Most of us have seen it. The dash cam footage of a caravan swaying out of control down a major highway before it topples sideways and is dragged along the road in gripping video reminiscent of an action movie. The driver clambers out dazed, and the social argument begins about who is at fault.
Despite what some describe as a bit of 'sensationalised footage', the issue of how safe RVs are on our roads isn't one which is going to go away any time soon, and it's something everyone agrees needs to be addressed, including the Federal Government.
Late last year, the Turnbull Government announced it would review the existing nearly 30-year-old Motor Vehicle Standards Act to, "modernise and strengthen the laws governing road vehicles to maintain and improve vehicle safety, while expanding consumer choice and reducing red tape".
It says the new legislation, to come into effect from 2019, "will better protect the community, provide more choice for specialist and enthusiast vehicles, be responsive to emerging technologies ... and provide increased consumer choice through expanding and improving the pathways for importing specialist and enthusiast vehicles".
The change will also give the responsible minister strong powers to mandate the recall of vehicles if serious safety issues arise. The powers will apply to all road vehicles supplied in Australia, whether for private or commercial use.
Luke Donnellan, the Minister for Roads and Road Safety in Victoria, where 90% of caravans are built, says the changes will, "give consumers greater choice while maintaining a high standard of vehicle safety".
"Amendments to the law propose strengthening power to recall and remedy non-compliant or unsafe vehicles. In addition to this, further approvals will need to be obtained by caravan manufacturers who supply more than four of each make and model covered under the new proposed amendments."
He says the Victorian government is investing more than any other state government in history to keep people safe on our roads.
Caravan Industry Association of Australia (CIAA) CEO Stuart Lamont isn't, however, convinced the new law change will improve safety.
"Will it make consumers safer on the road? Probably not, but what it'll mean is that there are enforcement powers if product is unsatisfactory on the road, so they can get it off. This will create a new piece of document which will change things so power will be moved back to federal department to issue recalls and give them the ability to withdraw and approve supply to market, and allow them to issue fines.
"We identify there's a safety issue and some product coming to our shores and getting on the road isn't as good as the industry expects, and that'll clean that up. Already there are a large number imports, but the frustration is that they are getting in hands of consumers with no inspection."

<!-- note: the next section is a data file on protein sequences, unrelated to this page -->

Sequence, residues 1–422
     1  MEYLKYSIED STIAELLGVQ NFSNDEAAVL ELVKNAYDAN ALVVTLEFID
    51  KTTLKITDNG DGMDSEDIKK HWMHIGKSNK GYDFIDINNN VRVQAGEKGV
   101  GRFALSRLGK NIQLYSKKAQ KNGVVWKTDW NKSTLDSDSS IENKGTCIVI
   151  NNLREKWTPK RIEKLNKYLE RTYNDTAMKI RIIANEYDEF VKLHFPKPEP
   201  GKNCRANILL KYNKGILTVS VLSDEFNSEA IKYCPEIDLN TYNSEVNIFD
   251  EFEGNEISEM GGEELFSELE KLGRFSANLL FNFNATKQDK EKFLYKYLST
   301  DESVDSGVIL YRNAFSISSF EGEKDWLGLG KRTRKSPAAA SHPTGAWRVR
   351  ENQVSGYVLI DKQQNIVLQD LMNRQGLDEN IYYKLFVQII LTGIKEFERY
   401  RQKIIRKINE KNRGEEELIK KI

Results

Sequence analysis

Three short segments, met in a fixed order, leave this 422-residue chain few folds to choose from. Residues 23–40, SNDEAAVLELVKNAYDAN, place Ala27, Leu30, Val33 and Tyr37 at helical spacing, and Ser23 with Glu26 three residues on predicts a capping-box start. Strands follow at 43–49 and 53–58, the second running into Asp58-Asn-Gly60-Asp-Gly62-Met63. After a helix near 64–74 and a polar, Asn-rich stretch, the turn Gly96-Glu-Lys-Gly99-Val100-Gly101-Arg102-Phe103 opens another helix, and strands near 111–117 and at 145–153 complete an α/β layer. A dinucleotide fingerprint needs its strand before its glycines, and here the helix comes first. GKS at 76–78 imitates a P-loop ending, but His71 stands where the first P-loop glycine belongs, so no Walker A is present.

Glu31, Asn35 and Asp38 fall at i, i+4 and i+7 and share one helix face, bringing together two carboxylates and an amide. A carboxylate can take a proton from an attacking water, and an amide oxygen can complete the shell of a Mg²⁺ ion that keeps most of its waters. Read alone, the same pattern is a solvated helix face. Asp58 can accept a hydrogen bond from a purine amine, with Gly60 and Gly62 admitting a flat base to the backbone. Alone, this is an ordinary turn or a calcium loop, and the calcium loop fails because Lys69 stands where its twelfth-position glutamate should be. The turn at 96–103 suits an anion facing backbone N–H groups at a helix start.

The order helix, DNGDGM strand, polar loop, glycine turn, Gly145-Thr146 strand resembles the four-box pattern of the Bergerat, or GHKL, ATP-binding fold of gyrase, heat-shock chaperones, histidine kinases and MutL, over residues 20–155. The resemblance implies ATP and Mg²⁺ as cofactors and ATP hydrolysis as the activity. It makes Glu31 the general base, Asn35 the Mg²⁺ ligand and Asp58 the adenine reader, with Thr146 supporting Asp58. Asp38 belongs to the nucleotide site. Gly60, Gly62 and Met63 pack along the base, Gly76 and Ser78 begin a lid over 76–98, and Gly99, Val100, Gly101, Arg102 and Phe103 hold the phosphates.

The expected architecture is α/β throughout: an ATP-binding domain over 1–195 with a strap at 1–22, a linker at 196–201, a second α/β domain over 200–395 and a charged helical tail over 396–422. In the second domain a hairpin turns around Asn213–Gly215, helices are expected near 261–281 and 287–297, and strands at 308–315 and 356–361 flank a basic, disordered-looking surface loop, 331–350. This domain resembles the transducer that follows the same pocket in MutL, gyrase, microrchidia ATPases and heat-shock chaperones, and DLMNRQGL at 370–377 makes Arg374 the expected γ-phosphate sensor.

He says the change will also mean for those who import more than four RVs a year, you still have self declaration, but you need pre-approval, and need to prove it's worthy to bring it in, "and you will have to under audit convince the government that the product is compliant".
Caravan Industry Association Victoria CEO Rob Lucas says this change is something he, along with Lamont, and Ron Chapman from Caravanning Queensland, lobbied Government about six years ago.
"There’s no doubt that imports and the way vehicles were registered needed revamping. The original act was written for cars, trucks and bikes, and we found massive holes in the registration, and around imports.
"When we were told if you’re importing a caravan you fill out a form and tick, yes your product is compliant, and if you tick no, the next question is 'can it meet requirements', and if you tick yes, it can be imported. That’s the test. I sat there gobsmacked."
"There will now be more requirements to verify and prove compliance. It's not a lot more complicated, but it puts more onus on the person importing or making the caravan."
Adrian Di Vincenzo the design manager of Australian-built New Age caravans says the change is important to the entire industry.
"We have rigid regulation to adhere to and it seems a lot of imports are coming in non-compliant, and as an Australian certified manufacturer we have hoops to go through. We don’t have a level playing field ... if want to release a product why should any other product be different?"
Celso Prado from Mars, also welcomes the change.
"We are very happy for it, because it raises the bar for everyone, and there’s nothing there we don’t already comply or exceed and that’s why we are in business for 12 years .. which is longer than 80% of manufacturers in Australia."
WEIGHING IN ON THE ISSUE
While the new law will tighten up laws around imports, it begs the question, who is addressing the issue specifically around road safety, the weight of the caravans we are towing, and importantly the combined weight or gross combined vehicle mass (GCVM).
"The weight is determined by government," says Lamont.
"So they are generally recorded on identification plates and available for consumers to understand. The angst that is coming in, is that consumers go and put it on a weigh bridge and get a different weight, and that's because manufacturers can't control it after it leaves them.
"That's annex poles, jerry can holders, tool boxes, and it all changes distribution of weight. A lot of that is being thrown to manufacturers, when they are quite innocently providing product."